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I want know an example of real sequence $x_n\gt0$ which satisfies

$\frac1n (x_1+x_2+...+x_n)$diverges but $(x_1x_2...x_n)^{\frac1n}$ converges.

I know if $x_n$ converges so that $\frac1n (x_1+x_2+...+x_n)$ and $(x_1x_2...x_n)^{\frac1n}$

and if $x_n$ is increasing sequence whose limt is infinite than $lim\frac1n (x_1+x_2+...+x_n)$ and $lim(x_1x_2...x_n)^{\frac1n}$ also infinite.

So i thought if $x_n$ has two subseuence which converges in different value than it can be the example but i couldn't find it.

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up vote 5 down vote accepted

Hint: Try the sequence $1, 1, 2,\frac{1}{2}, 3,\frac{1}{3}, 4,\frac{1}{4}, 5,\frac{1}{5}\dots$. The divergence of the sequence $\frac{1}{n}(x_1+\cdots +x_n)$ should be straightforward. For the convergence of $(x_1x_2\cdots x_n)^{1/n}$, you will need information about the behaviour of something closely related to $n^{1/n}$.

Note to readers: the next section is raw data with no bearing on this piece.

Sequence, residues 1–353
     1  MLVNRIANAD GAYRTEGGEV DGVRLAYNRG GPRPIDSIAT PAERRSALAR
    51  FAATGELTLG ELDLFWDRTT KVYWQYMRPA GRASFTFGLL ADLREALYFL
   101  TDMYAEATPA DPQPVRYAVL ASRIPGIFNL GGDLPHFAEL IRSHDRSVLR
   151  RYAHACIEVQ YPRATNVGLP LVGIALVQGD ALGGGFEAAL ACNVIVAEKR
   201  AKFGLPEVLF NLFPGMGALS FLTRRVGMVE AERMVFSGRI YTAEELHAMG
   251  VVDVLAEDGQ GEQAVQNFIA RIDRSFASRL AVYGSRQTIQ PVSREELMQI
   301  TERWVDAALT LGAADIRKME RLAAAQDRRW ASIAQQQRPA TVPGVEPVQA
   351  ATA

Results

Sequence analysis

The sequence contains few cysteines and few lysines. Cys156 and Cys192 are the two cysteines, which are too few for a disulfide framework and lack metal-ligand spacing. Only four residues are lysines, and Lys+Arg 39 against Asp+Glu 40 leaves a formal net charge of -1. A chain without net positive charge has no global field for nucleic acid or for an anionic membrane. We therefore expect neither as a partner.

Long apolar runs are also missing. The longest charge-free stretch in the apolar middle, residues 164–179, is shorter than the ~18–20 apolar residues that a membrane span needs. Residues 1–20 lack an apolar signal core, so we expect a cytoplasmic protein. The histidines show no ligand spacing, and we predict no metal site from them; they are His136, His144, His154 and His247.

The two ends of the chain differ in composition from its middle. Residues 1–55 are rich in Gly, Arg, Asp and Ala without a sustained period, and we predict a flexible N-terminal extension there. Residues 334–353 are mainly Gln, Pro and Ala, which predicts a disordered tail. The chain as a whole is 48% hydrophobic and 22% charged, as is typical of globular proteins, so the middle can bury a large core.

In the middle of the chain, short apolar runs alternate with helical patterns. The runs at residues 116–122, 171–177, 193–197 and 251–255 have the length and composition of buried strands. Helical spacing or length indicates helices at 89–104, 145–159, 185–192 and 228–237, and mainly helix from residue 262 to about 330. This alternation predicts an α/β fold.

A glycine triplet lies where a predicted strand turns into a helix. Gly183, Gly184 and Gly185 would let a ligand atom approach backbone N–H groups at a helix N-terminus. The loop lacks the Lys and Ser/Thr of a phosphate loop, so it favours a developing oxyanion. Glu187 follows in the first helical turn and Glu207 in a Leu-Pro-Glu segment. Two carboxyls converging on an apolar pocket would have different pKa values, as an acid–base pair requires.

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Thanks. it's very helpful. – Hwan May 5 '14 at 15:17
You are welcome. There are a number of ways to modify the example. For instance, leave the $1,2,3,4,\dots$ alone but make the "small" entries go to $0$ very fast. – André Nicolas May 5 '14 at 15:26

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